That was the claim to fame of Omicron-10. They'd lost comrades to enemy fire before but the wounded and the bodies of the dead had always made it home. It was the least Steve felt he could offer the families of those he'd willingly and knowingly placed into harm's way.

There'd been a couple close calls along the way — one member was captured and held prisoner for four weeks in Serbia before Steve and his team could make their way through the red tape to get him back. He was always leery about the women on his team.

Omicron-10's mission had no gender boundaries and frequently the addition of women on the roster helped to bolster whatever front the team was using to gain infiltration. Despite their skills, Steve always worried about the ramifications if one of his female majors had fallen victim to kidnap or capture.

The grief he felt when Maj. Maria Mendoza died in the line of duty was worse than when he learned of the death of his mother. Perhaps if he'd have had to race through enemy fire to retrieve his mother's remains he would have felt differently.

But in many ways he was closer to his team than his mother — at least for the few years before her death. Steve wished for nothing more than to be able to share a portion of that time with Allison as he sat across from her. But he knew that it was improbable that the security classification would be lifted in his lifetime.

So for now they tried to piece together whether Allison would be happy as sheriff for another four years or whether she wanted to attempt something else. Steve had considered taking his military consulting job to the next level and trying his hand at civilian surveillance but if he did it would have to be far away from here. Allison surmised too much about his military career already without his suggestions. It was too bad that she would have been a perfect fit for portions of his career goals.

So for now they chatted over coffee or dinner a couple of times each week. Neither was any closer to solving the dilemma about filling Jane in on the details they'd learned and neither was willing to budge an inch from their stated positions: Allison was intent on giving Jane the full story; Steve was content to leave things alone and let her think the worst of him for now.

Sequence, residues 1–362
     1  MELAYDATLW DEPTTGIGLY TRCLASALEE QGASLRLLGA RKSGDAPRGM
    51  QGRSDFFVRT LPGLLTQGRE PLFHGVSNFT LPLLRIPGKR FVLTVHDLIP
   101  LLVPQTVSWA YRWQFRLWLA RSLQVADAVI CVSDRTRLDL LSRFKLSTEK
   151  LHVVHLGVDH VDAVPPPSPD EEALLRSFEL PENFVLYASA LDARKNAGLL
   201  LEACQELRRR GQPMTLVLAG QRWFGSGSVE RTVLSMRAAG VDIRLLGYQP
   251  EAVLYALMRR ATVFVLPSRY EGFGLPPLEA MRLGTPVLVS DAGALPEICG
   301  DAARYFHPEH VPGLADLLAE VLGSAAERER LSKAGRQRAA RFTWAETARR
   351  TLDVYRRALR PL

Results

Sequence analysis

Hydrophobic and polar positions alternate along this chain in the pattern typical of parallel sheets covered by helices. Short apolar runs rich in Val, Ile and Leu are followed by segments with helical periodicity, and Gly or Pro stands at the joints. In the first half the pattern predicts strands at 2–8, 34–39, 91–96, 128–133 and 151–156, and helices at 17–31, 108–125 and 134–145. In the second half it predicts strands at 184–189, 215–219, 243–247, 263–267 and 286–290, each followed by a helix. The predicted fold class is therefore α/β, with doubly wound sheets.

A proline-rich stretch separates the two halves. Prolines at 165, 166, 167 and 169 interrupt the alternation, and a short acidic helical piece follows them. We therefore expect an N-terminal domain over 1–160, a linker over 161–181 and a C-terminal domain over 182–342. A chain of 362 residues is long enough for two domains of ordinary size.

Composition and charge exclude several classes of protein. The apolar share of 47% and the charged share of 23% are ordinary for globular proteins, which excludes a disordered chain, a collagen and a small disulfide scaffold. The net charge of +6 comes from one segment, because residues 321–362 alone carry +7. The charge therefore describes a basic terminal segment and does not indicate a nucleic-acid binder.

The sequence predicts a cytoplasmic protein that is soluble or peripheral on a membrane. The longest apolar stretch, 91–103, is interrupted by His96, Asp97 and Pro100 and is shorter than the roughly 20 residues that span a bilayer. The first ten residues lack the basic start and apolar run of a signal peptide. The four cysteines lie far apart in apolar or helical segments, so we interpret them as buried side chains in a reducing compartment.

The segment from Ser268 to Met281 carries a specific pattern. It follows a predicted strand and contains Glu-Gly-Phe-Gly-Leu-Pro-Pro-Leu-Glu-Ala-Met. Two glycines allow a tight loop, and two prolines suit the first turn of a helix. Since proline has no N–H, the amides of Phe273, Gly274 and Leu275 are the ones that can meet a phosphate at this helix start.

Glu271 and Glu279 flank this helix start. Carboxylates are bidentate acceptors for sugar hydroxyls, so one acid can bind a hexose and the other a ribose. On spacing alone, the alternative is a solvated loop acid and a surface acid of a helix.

It was only Jane's surprise arrival that forced their hands.


Jane Wilmont was rarely happy and she didn't care who knew it. The childhood goals she'd set — to go to college and become a teacher, to get married to Steve and raise a family as best they could, to eventually grow old together and catch up on lost time — were completely unfulfilled.

Her husband, Robert Wilmont, now ran the factory and mill that employed half of Buckley. He drank way more than he should and came home way less than he could. Jane didn't mind when he stayed out all night. Mostly it was relief to her. She didn't have to listen to his constant bleating about the factory and the town and his father.

She also didn't have to listen to his verbal abuse about the way their marriage had turned out or feel his physical abuse at the frustration she was sure she caused him.

She had high hopes when Robert stayed by her side after her ill-advised attempt to end her life. She'd hoped Steve would learn about it and come home. But he hadn't. She'd never heard a word from him even after Allison had written to him with most of the gory details. He didn't even send a card.

Robert, however, was there throughout. He knew little about Steve Booth. Although he was five years older than both of them, Steve's reputation in town was near legendary. But Robert's main focus resided purely on Robert.

Jane was sure that Robert's tears were genuine when he found out her suicide attempt had cost him the life of his son and future heir.

Stephanie's birth three years later did nothing to quell Robert's hopes for a son. In fact, he treated Stephanie with disdain or disinterest from the very beginning. It was the one thing Jane could never forgive. She vowed never to give Robert his son and clandestinely had a bilateral tubal ligation a year after Stephanie's birth.

To her knowledge Robert never found out about it. She didn't care if he did. He had enough bastard children running around now that surely at least one of them was a boy. Almost weekly for the last year she'd offered him a divorce. So long as he paid child support, she'd take Stephanie and go, never to be seen by his eyes nor heard by his ears again.

And weekly for the last year he'd steadfastly refused. Wilmonts married for life, he'd told her. No one in his family had ever been divorced and it wouldn't start with him.

The final straw was his insistence that Stephanie be sent away for school in the fall. Sure she was a handful sometimes — what teenager isn't — but Stephanie was Jane's only link to sanity. Without her daughter Jane was certain she couldn't survive.